Sunday, June 19, 2011

President Obama: "Pipe Dreams about My Father"

A rare photo of Barack Sr. and Barack Jr.
Washington DC, Jun 19, 2011. In his weekly radio address, President Barack Hussein Obama, D-Kenya, reflected on Father's Day, calling fatherhood “my hardest, but always my most rewarding job.”

The president detailed how the absence of his own father has inspired him to be a better parent.

“I grew up without my father around," he said. "He left when I was two years old, and even though my sister and I were lucky enough to have a wonderful mother and caring grandparents to raise us, I felt his absence. And I wonder what my life would have been like had he been a greater presence. That’s why I’ve tried so hard to be a good dad for my own children.”

However, being abandoned by his father did not prevent Barack Obama Jr. from glorifying and praising his father in both of his autobiographies.

In Dreams from My Father, Barack Obama paints a heroic picture of his father as a simple goat herder who emerged from a poor Kenyan village to become a Harvard-educated economist and then returned to Africa to fulfill his destiny. Unfortunately, the reality is much bleaker than the tall tale Obama spins in his book.

The President's maternal Grandmother, Sarah Omar
After being educated at Harvard, Obama Sr. returned to Africa,   abandoning Barack and his mother, to live the life of a chronic alcoholic.

He ultimately killed himself in a drink-induced car accident, tragically driving drunk on the streets of Nairobi.

Obama begins his Dreams from My Father with a scene from 1982, where Obama, having just turned 21 a few months earlier, is shaken, in his New York apartment, by a phone call from Africa telling him his father has been killed in a car accident.

His narrative omits the fact that that Obama Sr. killed himself while driving drunk.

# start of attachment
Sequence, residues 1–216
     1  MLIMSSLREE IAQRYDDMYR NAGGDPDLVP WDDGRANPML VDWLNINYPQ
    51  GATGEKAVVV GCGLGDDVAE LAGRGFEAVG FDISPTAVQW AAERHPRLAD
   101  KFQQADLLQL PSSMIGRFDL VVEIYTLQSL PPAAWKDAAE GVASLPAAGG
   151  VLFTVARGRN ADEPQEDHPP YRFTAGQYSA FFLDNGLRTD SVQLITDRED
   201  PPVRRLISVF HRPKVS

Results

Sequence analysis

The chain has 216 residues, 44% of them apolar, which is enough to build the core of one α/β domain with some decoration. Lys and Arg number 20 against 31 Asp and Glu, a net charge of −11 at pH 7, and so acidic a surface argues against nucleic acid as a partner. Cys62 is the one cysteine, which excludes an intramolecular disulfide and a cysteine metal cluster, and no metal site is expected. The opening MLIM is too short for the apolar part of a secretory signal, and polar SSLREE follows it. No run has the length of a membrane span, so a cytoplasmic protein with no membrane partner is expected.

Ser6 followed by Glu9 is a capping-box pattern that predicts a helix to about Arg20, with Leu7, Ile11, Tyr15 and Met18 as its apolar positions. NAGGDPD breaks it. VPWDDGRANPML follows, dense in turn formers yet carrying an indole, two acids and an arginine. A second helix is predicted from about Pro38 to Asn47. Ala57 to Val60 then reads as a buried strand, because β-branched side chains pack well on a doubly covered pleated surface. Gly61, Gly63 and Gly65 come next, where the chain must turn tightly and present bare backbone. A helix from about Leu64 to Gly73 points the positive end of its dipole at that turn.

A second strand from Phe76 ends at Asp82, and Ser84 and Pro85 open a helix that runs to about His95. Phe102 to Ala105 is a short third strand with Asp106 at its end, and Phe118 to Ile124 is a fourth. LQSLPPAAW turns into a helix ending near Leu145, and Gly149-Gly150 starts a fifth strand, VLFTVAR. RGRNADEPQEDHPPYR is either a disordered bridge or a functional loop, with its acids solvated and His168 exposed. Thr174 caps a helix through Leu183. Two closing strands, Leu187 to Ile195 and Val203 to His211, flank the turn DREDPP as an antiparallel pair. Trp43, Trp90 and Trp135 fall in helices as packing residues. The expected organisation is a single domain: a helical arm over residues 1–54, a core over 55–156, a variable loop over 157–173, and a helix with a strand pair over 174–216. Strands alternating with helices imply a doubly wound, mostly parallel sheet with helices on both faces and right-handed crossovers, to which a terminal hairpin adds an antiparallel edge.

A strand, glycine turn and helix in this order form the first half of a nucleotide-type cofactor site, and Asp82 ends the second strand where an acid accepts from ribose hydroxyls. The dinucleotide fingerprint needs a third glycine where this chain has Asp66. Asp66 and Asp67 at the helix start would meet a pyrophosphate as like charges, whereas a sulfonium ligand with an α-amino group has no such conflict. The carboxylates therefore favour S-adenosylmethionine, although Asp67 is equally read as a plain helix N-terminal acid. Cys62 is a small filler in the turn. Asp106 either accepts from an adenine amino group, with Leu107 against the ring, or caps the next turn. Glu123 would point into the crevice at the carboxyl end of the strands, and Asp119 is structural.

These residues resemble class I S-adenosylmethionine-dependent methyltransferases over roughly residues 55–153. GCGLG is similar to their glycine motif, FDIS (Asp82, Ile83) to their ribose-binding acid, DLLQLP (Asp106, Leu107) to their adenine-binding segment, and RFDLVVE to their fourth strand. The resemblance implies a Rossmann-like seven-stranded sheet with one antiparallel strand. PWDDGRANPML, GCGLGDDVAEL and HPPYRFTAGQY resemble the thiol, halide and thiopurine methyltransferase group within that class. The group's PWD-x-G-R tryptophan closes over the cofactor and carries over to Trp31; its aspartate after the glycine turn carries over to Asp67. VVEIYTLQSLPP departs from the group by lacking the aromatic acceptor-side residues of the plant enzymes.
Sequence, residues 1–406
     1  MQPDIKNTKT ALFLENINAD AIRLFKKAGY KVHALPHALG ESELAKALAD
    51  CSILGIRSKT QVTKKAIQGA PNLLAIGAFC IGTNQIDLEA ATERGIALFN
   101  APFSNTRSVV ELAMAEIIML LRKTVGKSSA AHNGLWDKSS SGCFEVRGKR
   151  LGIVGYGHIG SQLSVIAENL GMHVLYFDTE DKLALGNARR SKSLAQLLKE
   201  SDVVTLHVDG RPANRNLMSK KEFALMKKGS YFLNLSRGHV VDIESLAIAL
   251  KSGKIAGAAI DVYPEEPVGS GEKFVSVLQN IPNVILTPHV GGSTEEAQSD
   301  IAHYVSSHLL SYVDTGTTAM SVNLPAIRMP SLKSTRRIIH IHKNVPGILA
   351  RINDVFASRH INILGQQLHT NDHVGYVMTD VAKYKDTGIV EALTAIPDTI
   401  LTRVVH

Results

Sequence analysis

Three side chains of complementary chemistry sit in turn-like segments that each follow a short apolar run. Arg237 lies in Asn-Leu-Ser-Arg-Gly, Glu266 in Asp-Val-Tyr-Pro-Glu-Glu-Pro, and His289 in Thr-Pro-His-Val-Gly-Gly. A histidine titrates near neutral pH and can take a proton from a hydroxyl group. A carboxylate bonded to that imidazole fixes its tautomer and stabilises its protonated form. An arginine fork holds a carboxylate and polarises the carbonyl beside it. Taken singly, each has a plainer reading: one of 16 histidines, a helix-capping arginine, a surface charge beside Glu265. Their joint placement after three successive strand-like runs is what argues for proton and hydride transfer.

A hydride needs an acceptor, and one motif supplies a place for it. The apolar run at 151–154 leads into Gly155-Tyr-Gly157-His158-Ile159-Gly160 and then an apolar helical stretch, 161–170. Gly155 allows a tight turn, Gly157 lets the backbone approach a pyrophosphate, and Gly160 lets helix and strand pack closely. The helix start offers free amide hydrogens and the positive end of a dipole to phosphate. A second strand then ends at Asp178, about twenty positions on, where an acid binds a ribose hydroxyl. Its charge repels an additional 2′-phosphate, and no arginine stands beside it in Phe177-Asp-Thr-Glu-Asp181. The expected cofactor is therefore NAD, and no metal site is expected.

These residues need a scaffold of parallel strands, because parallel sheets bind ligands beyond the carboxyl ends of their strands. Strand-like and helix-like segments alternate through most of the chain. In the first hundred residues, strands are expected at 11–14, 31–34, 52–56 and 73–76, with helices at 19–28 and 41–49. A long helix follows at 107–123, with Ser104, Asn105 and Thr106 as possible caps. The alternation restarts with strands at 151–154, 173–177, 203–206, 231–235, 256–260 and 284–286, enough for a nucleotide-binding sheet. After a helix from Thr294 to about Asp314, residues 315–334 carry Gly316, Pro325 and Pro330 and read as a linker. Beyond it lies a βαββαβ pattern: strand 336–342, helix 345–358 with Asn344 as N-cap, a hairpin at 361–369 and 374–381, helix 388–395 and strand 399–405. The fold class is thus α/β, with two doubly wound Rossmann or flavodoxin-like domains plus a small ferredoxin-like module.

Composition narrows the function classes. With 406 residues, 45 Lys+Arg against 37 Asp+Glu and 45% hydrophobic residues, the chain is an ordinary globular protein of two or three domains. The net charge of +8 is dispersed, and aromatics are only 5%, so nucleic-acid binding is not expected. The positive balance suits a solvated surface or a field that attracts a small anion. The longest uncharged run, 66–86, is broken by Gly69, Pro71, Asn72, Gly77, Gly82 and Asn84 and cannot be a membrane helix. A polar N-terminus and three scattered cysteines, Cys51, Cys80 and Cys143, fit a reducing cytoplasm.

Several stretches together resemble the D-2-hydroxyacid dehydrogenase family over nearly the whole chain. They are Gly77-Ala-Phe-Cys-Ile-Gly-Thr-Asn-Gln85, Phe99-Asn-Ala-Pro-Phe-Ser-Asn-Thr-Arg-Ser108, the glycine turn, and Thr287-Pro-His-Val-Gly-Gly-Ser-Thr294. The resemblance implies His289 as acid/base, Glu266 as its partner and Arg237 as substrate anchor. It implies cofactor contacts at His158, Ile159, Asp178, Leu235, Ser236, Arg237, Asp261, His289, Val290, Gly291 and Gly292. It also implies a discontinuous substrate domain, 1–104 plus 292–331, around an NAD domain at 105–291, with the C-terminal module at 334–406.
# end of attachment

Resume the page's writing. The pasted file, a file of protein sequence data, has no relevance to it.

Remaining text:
A few pages later, Obama traces his father's history in Kenya back to the time his father herded goats while attending the local "British colonial school."

Obama claims his father showed such "great promise" that he won a scholarship to study in Nairobi and then, "on the eve of Kenyan independence, he had been selected by Kenyan leaders and American sponsors to attend a university in the United States."

Kezia Obama, abandoned when pregnant
Obama carefully omits the underside of the story, that when his father headed off at age twenty-three to a university education in Hawaii, he was abandoning an African girl named Kezia, whom he had married at age eighteen. Nor does Obama mention that Kezia was then pregnant with his father's first child.

Obama magnifies his father's time in Hawaii, claiming he arrived at the University of Hawaii as the institution's first African student. Obama then boasts that his father "studied econometrics, worked with unsurpassed concentration, and graduated in three years at the top of his class."

The President omitted any mention of his father's continued success with women, his chronic alcoholism or the drunk driving incident that eventually claimed his life.


  1. I have seen that hat. Didnt Michelle Obama wear that once at a formal DC function?

  2. Obviously you didn't read the book page by page because all you have mentioned was right there in BLACK and WHITE!!